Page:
efficiency guarantees satisfy the requirements of the KWIK (Knows What It
Knows) framework. The algorithm improves on the complexity bounds of the
current state-of-the-art procedure in this setting. We explore several
applications of this algorithm for learning compact reinforce...

We present a modular approach to reinforcement learning that uses a Bayesian
representation of the uncertainty over models. The approach, BOSS (Best of
Sampled Set), drives exploration by sampling multiple models from the posterior
and selecting actions optimistically. It extends previous work by providing a
rule for deciding when to resample and h...

The Communications Web site, http://cacm.acm.org, features more than a dozen bloggers in the BLOG@CACM community. In each issue of Communications, we'll publish selected posts or excerpts.twitterFollow us on Twitter ...

Bayes-optimal behavior, while well-defined, is often difficult to
achieve. Recent advances in the use of Monte-Carlo tree search (MCTS)
have shown that it is possible to act near-optimally in Markov Decision
Processes (MDPs) with very large or infinite state spaces. Bayes-optimal
behavior in an unknown MDP is equivalent to optimal behavior in the
k...

Finding a meaningful way of characterizing the difficulty of partially observable Markov decision processes (POMDPs) is a core theoretical problem in POMDP research. State-space size is often used as a proxy for POMDP difficulty, but it is a weak metric at best. Existing work has shown that the covering number for the reachable belief space, which...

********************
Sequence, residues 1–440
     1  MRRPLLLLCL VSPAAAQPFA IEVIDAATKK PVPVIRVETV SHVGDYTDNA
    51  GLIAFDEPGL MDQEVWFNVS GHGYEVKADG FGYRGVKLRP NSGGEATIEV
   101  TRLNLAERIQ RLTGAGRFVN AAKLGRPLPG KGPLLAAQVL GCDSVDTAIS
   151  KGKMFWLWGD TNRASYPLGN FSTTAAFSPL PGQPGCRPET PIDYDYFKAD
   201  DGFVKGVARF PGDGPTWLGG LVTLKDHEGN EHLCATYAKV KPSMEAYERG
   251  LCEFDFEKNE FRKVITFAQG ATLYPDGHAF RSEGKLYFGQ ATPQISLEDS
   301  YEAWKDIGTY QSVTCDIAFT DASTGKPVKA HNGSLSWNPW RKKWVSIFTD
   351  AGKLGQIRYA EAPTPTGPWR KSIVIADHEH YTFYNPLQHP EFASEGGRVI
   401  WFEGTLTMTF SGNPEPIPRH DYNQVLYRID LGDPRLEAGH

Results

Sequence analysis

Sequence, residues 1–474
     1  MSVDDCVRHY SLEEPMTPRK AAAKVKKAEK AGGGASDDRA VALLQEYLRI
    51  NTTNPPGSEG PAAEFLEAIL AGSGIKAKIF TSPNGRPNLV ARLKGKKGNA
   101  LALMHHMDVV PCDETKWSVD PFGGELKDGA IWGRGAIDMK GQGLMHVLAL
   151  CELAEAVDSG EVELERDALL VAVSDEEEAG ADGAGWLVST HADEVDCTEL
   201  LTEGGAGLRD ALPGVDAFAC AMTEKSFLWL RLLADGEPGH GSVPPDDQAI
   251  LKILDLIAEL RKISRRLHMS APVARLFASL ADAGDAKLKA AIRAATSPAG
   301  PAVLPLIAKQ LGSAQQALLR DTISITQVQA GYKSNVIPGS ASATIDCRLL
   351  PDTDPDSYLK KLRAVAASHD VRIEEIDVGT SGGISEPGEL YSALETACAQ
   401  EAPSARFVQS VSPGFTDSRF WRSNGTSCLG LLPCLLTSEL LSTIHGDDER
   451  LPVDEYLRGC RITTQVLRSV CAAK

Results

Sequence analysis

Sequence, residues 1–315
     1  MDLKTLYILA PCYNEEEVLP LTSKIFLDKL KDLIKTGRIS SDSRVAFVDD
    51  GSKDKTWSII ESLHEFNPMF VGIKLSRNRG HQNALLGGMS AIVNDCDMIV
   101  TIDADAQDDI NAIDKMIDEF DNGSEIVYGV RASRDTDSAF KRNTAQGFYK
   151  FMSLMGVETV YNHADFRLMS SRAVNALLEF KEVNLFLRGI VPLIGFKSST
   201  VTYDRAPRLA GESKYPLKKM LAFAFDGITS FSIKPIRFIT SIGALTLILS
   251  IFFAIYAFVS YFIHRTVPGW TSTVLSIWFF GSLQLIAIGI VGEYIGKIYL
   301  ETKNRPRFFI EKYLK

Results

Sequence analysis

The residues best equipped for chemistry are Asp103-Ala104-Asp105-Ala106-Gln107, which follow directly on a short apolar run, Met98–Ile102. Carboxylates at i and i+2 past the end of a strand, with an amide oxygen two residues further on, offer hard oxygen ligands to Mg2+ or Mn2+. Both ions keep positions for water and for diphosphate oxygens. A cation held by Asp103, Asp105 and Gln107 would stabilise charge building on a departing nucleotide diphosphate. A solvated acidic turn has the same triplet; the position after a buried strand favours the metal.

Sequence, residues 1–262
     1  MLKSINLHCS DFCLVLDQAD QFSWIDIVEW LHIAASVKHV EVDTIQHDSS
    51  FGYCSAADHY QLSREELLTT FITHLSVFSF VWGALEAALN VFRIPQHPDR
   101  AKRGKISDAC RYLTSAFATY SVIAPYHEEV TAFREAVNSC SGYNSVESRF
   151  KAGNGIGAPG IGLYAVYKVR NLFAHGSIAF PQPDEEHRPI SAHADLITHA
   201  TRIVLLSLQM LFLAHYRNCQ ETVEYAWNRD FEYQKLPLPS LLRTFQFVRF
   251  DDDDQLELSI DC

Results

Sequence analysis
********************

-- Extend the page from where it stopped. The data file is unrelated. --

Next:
We show that the problem of finding an optimal stochastic 'blind' controller
in a Markov decision process is an NP-hard problem. The corresponding decision
problem is NP-hard, in PSPACE, and SQRT-SUM-hard, hence placing it in NP would
imply breakthroughs in long-standing open problems in computer science. Our
result establishes that the more genera...

Although household devices and home appliances function more and more as network-connected computers, they don’t provide programming
interfaces for the average user. We first identify the programming primitives and control structures necessary for the universal
programming of devices. We then propose a mapping between the features necessary for the...

The special issue of Machine Learning focused on introducing the empirical evaluations in reinforcement learning. It was demonstrated that reinforcement-learning approaches were evaluated in one or more of three ways, such as subjectively, theoretically, and empirically. Subjective evaluations, in which researchers assessed the significance and pot...

The nodes in a wireless ad hoc network act as routers in a self-configuring network without infrastructure. An application running on the nodes in the ad hoc network may require that intermediate nodes act as routers, receiving and forwarding data packets to other nodes to overcome the limitations of noise, router congestion and limited transmissio...

For the problem of model choice in linear regression, we introduce a Bayesian adaptive sampling algorithm (BAS), that samples models without replacement from the space of models. For problems that permit enumeration of all models, BAS is guaranteed to enumerate the model space in 2p iterations where p is the number of potential variables under cons...

The First Trading Agent Competition (TAC) was held from June 22nd to July